How Do I Become a Hotel Hostess?
Hotel hostesses are professionals who welcome guests to their establishments and make sure that they are pleased with the service that they receive. These individuals must have solid people skills and be willing to work long hours. A person who wishes to become a hotel hostess should pursue a year of college training as well as gain practical experience in a real-world environment, which makes her more attractive to employers. She also needs to undergo training in alcohol service to expand her employment opportunities in this field.
If you would like to become a hotel hostess, you should consider completing a certificate program in hospitality management, which typically requires one year of study. Although completing high school-level training typically is the requirement to claim a job role in this vocational area, taking college-level courses makes you even more competitive in the job market. Being admitted into this type of degree program involves filling out your chosen school’s enrollment application and turning in your high school transcript. You also must submit your high school diploma or the equivalent certification along with your current standardized exam results.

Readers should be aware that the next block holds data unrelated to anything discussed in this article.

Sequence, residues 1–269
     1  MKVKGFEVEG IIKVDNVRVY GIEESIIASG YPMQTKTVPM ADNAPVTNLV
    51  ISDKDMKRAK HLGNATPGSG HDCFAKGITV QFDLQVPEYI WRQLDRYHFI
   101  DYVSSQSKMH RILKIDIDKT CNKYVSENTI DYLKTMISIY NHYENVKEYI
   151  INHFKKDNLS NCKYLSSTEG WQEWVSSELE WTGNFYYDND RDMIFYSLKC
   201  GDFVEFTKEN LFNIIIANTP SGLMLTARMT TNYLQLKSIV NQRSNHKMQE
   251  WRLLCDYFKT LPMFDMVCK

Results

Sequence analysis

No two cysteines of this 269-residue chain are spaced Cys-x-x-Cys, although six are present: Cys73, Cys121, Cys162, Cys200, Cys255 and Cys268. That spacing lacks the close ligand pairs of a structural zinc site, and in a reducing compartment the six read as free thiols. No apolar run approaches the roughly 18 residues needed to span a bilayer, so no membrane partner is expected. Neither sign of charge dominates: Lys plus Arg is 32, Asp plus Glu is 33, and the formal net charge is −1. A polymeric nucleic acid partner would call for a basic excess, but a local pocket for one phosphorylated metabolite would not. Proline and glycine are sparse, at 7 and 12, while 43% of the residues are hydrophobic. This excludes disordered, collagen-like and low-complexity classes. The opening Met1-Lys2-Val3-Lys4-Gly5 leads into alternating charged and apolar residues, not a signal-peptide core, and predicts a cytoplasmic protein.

Hotel-focused courses give you the foundation that you need to thrive in this career area. Studying hospitality administration is important, as this covers how to handle guest complaints and how to ensure that customers are satisfied with your company’s service, particularly in a hotel restaurant situation. You also need to make sure that hotel areas are clean and presentable. Your courses additionally should teach you etiquette, verbal communication skills, and marketing, because a person who aims to become a hotel hostess must interact with guests professionally and effectively to promote her company’s benefits.
Acquiring field experience through an internship will improve your employment opportunities in this field. You should be able to observe an experienced hostess at the beginning of your on-the-job training opportunity and then complete various duties independently as you strive to become a hotel hostess. For instance, you must get used to building relationships with guests, maintaining confidential information, and following organization policies.
Some employers require that their workers be able to serve alcohol, which requires additional training. This is available through companies that offer courses on how to recognize alcohol-related problems in guests and how to prevent problems such as underage drinking or public intoxication. You simply have to pass an exam and stay current on this information when you become a hotel hostess.
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